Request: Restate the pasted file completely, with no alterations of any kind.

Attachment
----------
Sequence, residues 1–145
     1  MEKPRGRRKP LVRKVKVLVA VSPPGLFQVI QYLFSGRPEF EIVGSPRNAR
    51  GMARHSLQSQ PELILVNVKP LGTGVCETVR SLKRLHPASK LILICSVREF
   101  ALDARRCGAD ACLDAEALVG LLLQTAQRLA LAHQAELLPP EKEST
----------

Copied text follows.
Sequence, residues 1–145
     1  MEKPRGRRKP LVRKVKVLVA VSPPGLFQVI QYLFSGRPEF EIVGSPRNAR
    51  GMARHSLQSQ PELILVNVKP LGTGVCETVR SLKRLHPASK LILICSVREF
   101  ALDARRCGAD ACLDAEALVG LLLQTAQRLA LAHQAELLPP EKEST